The failure of Congress to advance the Republican healthcare bill on 24 March was not necessarily a surprise. Healthcare policy is arguably one of the most complicated policymaking areas. And as we noted earlier (see “Market Response to Trump’s Speech Doesn’t Change Policymaking Realities” and “Trump’s First Year: What’s Realistic”), governing is difficult. In 2009, after all, it took congressional Democrats and President Obama 14 months to pass Obamacare, despite larger congressional majorities than U.S. President Donald Trump enjoys.
For investors, the most salient question is what is next? President Trump and Speaker of the House Paul Ryan have both mentioned they would prioritize tax reform. Yet while certain markets seemed to welcome the news, investors might temper their enthusiasm:
- Tax reform is also complicated. Tax reform – which involves winners and losers – is different from tax cuts, which involve mainly winners (except, perhaps, for the impact of deficits). For this reason, while we have seen several successful tax-cut bills signed into law over the years, tax reform, despite having been attempted several times on Capitol Hill, has not been successful since 1986.
- Congressional Republicans lack a unified vision on tax reform. While divisions on tax reform are not comparable to those on healthcare, Republicans also lack a prevailing view about how to reform the tax code. For instance, the centerpiece of the House of Representatives’ plan is the “border adjustment tax,” a concept which several Republican senators have vociferously opposed.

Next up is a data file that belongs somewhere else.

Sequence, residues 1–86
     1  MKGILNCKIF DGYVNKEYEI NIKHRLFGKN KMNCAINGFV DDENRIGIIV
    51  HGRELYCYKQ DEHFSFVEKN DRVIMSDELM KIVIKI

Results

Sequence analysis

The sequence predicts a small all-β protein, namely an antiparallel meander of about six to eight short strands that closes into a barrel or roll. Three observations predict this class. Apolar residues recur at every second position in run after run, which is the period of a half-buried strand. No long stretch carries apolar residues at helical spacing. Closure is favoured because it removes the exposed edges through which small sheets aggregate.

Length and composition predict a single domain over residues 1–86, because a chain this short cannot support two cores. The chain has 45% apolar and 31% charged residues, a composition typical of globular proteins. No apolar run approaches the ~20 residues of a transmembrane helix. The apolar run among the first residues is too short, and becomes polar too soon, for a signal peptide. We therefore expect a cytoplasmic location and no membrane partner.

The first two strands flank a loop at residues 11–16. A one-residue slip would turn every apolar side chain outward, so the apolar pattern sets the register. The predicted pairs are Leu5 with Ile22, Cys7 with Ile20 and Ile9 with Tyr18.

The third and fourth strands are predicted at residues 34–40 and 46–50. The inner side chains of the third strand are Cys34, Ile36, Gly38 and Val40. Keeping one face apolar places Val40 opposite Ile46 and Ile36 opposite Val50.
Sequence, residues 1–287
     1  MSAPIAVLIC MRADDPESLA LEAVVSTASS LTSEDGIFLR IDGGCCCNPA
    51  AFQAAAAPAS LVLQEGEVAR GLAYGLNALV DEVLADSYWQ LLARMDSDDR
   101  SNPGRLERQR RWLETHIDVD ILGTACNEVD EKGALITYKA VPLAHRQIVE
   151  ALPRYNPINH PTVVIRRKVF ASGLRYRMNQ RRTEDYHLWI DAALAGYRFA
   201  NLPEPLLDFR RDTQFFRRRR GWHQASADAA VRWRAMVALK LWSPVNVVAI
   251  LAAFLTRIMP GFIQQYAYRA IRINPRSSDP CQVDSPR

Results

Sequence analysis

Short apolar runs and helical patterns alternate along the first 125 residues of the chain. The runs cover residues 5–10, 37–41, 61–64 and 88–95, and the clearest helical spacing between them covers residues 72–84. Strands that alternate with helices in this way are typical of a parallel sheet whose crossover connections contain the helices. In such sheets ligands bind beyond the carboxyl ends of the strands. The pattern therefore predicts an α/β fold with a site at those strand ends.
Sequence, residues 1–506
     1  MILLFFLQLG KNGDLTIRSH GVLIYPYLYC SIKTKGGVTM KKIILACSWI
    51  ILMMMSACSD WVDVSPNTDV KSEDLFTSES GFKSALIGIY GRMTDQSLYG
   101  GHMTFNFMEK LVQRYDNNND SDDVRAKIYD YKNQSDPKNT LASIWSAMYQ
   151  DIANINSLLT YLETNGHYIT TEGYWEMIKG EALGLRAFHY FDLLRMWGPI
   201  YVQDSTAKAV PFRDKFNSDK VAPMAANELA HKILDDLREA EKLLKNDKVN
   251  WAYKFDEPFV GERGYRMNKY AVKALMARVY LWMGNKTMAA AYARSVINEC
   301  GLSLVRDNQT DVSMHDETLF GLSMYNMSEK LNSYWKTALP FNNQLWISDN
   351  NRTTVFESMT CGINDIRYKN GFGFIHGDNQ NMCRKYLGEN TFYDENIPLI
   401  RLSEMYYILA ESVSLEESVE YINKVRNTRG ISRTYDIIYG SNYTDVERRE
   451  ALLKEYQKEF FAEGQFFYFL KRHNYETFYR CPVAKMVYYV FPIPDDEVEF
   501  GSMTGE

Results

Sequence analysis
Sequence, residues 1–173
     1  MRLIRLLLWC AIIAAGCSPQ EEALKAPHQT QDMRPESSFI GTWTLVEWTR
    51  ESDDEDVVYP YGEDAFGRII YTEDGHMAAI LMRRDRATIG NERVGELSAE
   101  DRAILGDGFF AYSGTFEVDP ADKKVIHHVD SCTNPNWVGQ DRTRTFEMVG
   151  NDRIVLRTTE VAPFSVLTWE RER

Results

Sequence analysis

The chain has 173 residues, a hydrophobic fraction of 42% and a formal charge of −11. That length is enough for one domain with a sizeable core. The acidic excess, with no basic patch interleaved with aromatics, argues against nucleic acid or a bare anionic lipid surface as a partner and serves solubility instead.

Can these issues be reconciled? Of course. But after concessions are made, the likely result is passage of a less ambitious and smaller “tax reform lite” bill (e.g., less reduction of the corporate rate), not the bold tax reform many have envisioned.
- Abandoning healthcare altogether is tricky. Prioritizing tax reform could be problematic for three reasons. First, congressional Republicans and President Trump campaigned on repealing Obamacare, so no progress could haunt them in next year’s midterm elections, when the incumbent party usually loses seats anyway. Second, because of the process of budget reconciliation (in which bills can pass the Senate with only 50 votes versus the usual 60 ), if Republicans move on from healthcare, they forfeit the ability to use reconciliation again for another year – most likely precluding healthcare from being addressed until after the midterms. Third, repealing Obamacare would have made tax reform easier by decreasing the ever-important (but wonky) revenue baseline.
Lessons from healthcare
Speaker Ryan and President Trump will likely heed the lessons from the healthcare bill by taking their time to ensure that whatever bill they bring up for a vote actually passes. Practically, this means going through the tedious legislative process of holding hearings, getting various outside groups on board and ensuring that the concepts are well-socialized and supported before a vote is held.
In short, tax reform is likely to be a relatively time-consuming process, so statements about ambitious time frames should be qualified.
Libby Cantrill is PIMCO’s head of public policy and a regular contributor to the PIMCO Blog.